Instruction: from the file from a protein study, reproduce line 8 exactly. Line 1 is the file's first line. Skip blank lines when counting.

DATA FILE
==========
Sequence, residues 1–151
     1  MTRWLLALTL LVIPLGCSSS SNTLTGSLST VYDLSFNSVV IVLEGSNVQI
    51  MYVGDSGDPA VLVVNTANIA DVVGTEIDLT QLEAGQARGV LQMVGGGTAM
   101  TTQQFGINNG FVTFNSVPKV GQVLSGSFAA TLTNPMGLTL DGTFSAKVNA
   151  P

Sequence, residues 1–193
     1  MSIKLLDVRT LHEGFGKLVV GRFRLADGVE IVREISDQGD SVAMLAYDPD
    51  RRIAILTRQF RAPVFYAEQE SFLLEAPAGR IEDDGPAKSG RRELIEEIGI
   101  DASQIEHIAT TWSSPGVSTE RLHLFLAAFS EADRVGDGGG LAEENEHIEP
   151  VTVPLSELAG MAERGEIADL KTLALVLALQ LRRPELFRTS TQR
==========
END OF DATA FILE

    51  RRIAILTRQF RAPVFYAEQE SFLLEAPAGR IEDDGPAKSG RRELIEEIGI